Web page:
In Phone Call, Zelenskiy And Putin Discuss Next Normandy Summit, Possible Prisoner Exchange

Ukrainian President Volodymyr Zelenskiy and his Russian counterpart, Vladimir Putin, have discussed by phone preparations for a new summit in the so-called Normandy format and a possible prisoner swap, Zelenskiy’s office said on February 14.

“Volodymyr Zelenskiy and Vladimir Putin paid special attention to the process of releasing Ukrainian citizens being held in temporarily occupied territories of Donbas [districts controlled by Russia-backed separatists since April 2014], Crimea, and the Russian Federation,” the office said.

After his upset win in presidential elections last year, 41-year-old former comedian Zelenskiy managed to negotiate a long-awaited prisoner exchange with Russia that saw the two countries exchange dozens of prisoners in September and December.

The two met for the first time in Paris in December under the auspices of the Normandy peace format which also includes France and Germany besides Russia and Ukraine.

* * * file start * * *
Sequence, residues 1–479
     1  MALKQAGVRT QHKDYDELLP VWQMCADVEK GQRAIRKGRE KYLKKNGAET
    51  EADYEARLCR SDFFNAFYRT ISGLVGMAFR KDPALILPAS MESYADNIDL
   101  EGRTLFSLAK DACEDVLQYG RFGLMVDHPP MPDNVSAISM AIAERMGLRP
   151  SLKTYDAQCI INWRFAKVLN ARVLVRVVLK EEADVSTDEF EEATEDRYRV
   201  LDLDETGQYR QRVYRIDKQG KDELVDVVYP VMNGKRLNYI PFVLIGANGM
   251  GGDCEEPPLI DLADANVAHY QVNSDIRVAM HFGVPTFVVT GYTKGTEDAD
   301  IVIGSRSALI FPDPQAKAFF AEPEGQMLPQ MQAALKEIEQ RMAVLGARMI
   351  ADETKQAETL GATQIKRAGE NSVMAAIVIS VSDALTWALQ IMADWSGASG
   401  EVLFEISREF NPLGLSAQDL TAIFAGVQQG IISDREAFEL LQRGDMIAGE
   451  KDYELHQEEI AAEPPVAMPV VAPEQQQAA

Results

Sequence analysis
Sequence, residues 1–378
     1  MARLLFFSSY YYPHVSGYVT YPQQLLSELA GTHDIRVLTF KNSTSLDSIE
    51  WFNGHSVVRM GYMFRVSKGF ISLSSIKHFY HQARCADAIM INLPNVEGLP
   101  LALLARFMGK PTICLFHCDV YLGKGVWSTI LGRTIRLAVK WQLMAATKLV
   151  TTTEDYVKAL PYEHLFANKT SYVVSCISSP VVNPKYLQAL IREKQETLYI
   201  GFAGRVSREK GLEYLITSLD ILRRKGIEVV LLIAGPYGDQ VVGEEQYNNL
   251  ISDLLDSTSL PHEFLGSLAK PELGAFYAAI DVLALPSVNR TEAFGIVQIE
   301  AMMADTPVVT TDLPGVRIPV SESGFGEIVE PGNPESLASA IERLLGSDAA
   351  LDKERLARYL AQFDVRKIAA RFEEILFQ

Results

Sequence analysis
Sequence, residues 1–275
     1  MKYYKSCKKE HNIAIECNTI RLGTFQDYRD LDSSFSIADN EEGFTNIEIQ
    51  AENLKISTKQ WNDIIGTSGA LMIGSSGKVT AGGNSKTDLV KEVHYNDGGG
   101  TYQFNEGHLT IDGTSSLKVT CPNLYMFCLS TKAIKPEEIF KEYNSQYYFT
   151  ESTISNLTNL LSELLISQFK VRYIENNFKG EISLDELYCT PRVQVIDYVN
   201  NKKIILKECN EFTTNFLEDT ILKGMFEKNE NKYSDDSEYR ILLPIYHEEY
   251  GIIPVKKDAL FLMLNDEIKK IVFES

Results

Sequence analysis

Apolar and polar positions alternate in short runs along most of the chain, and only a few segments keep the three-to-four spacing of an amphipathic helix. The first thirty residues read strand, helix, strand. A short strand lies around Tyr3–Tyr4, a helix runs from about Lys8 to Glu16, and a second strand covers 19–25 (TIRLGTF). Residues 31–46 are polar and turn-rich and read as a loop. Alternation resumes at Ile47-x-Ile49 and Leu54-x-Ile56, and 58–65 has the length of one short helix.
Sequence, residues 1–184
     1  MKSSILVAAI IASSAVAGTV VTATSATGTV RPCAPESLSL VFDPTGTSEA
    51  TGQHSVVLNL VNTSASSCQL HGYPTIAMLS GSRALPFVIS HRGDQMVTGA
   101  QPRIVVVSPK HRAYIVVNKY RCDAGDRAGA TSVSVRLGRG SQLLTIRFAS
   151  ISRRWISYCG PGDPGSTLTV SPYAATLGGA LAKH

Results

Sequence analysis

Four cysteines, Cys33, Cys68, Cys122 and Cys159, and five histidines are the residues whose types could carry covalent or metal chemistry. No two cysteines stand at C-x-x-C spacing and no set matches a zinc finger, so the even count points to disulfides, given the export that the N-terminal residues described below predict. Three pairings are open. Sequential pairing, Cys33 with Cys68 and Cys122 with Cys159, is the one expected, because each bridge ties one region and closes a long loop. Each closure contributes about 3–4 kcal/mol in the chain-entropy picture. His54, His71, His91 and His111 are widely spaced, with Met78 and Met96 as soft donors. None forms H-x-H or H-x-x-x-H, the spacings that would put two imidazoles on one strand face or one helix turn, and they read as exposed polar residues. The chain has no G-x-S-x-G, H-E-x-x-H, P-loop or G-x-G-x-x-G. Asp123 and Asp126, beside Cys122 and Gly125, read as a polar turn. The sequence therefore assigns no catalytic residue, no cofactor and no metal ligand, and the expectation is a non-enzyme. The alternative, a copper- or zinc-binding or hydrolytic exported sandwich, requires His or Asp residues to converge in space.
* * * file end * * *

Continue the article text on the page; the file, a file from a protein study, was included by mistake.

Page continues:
Meanwhile, the Kremlin said on February 14 that during the talks, Putin “directly” asked Zelenskiy if Kyiv plans to fully comply with the 2015 Minsk peace agreement — a peace plan that was brokered by France and Germany in the Belarusian capital and set a series of cease-fires in eastern Ukraine which have generally failed to hold.

“The Russian President stressed the importance of the full and unconditional fulfillment of all measures and decisions made in Minsk and adopted at the Normandy summits, including the one held in Paris on December 9, 2019… Vladimir Putin directly asked if Kyiv intends to really implement the Minsk agreements,” The Kremlin’s statement said.

The Kremlin’s relationship with Ukraine has been hostile ever since protests in Kyiv led to the overthrow of the nation’s pro-Russian leader Viktor Yanukovych in February 2014.

Russia annexed Ukraine’s Crimean Peninsula shortly thereafter and backed separatist forces in eastern Ukraine, sparking an ongoing war in the Donbas that has resulted in more than 13,000 deaths.